As regular readers already know, Sen. Arlen Specter (R-PA) irritatingly tends to stand by his maverick principles right up until his influence might mean something, and then drop them like a prom dress. During the GOP trifecta years his behavior got so predictable that I named a category after it.
In a narrowly Democratic Senate Specter’s position becomes tougher because he has fewer chances for empty gestures and more moments when he has to stand up or back down on matters of real consequence. So far Specter has largely delivered what I expected, but Specter’s dignity-ectomy was never as complete as the rest of his party’s Congressional delegation so there is always a chance for hope.
For instance, via Steve Benen:
The Senate Judiciary Committee’s ranking Republican, Arlen Specter (Pa.), emerged from a crucial Monday briefing and gave the Bush administration 18 hours to resolve the controversy over apparent contradictions in Attorney General Alberto Gonzales’s congressional testimony.
Gonzales took issue last week with former Deputy Attorney General James Comey’s description of internal dissent in 2004 over the legal authority for the National Security Agency’s (NSA) warrantless eavesdropping program. Frustrated Democrats called for a special prosecutor to investigate Gonzales for perjury, noting that several officials have publicly echoed Comey’s account. Those calls prompted Specter to request a classified briefing to clear up the dispute.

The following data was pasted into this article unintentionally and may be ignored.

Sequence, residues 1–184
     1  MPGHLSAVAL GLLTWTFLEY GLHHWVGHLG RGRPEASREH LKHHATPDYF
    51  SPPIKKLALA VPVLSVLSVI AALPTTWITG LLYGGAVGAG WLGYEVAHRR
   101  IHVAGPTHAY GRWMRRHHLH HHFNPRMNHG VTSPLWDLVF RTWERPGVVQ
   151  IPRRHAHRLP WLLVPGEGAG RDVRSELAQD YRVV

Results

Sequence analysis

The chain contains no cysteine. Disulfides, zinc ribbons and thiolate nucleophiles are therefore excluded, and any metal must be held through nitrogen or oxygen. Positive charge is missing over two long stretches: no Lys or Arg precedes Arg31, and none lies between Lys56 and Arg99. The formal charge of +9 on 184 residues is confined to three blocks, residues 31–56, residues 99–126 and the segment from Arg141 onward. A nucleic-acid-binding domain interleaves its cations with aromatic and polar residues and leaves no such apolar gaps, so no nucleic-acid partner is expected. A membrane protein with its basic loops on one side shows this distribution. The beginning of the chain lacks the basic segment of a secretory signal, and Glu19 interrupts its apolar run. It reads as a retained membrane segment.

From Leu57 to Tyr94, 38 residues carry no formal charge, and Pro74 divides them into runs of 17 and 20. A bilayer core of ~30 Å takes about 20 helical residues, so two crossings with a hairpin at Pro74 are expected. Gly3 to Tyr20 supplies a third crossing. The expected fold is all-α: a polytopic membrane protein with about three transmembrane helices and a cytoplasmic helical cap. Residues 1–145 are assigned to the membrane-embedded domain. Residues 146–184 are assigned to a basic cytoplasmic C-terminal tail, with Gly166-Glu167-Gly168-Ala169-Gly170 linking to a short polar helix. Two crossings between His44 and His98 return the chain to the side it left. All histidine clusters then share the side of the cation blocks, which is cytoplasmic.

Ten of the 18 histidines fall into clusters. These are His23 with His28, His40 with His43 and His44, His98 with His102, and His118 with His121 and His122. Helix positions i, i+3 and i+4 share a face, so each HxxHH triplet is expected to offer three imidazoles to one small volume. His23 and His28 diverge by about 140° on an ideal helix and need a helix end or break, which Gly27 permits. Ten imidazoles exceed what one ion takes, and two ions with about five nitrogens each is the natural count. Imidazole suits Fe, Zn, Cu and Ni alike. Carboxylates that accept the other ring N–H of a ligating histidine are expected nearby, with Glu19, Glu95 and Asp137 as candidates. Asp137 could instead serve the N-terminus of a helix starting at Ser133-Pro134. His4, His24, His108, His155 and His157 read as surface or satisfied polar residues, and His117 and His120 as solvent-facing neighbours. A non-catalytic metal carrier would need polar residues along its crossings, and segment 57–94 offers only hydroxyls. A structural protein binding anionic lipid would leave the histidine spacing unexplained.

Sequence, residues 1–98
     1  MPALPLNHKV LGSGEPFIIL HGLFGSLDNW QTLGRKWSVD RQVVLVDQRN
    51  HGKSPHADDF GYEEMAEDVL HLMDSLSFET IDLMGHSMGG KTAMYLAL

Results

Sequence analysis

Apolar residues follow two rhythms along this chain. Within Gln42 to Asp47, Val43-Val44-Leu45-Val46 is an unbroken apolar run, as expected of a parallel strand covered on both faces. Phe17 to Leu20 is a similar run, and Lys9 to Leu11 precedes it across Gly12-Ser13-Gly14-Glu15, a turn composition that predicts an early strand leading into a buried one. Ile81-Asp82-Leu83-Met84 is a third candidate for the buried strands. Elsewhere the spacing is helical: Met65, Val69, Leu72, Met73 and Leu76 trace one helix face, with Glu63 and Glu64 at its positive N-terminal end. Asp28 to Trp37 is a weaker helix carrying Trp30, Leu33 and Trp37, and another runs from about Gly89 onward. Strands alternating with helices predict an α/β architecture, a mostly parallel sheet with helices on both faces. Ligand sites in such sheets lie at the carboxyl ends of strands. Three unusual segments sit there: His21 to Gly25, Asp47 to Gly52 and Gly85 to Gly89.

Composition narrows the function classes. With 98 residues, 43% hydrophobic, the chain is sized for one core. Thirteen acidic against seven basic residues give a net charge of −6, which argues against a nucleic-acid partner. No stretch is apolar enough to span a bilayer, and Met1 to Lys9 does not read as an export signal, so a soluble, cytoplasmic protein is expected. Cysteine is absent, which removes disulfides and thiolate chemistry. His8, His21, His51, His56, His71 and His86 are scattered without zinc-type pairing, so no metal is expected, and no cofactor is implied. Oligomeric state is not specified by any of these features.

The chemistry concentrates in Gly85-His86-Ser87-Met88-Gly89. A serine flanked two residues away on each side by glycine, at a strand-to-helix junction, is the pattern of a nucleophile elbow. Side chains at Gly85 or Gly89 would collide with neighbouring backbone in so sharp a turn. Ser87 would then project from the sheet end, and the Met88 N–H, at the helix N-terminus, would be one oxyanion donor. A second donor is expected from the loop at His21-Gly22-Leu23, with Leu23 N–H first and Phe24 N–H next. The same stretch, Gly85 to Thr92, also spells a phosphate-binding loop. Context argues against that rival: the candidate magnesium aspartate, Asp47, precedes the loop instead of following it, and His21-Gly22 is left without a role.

Specter aides released a statement late Monday that suggested a bombshell to come on Tuesday afternoon.
Before getting too excited about what this “bombshell” might be, remember that Specter always delivers less than he promises. He values his committee seat too much to let it go, or he lacks the spine to follow through on his threats, or maybe just plays his “maverick” role to keep Democrats off balance as part of the GOP’s general kabuki theater. Nobody knows but Arlen. Regardless, gird yourself for the inevitable announcement that Specter’s bombshell amounts to a very, very angry letter to Gonzales, cc’d to the president.
If events prove me wrong and Specter stands up for one of those very uncouth Democratic proposals (special prosecutor, impeachment hearings, it’s all good), super. But I don’t think that I am. Few bets in Washington pay off more reliably than Arlen Specter backing down from one of his principled stands.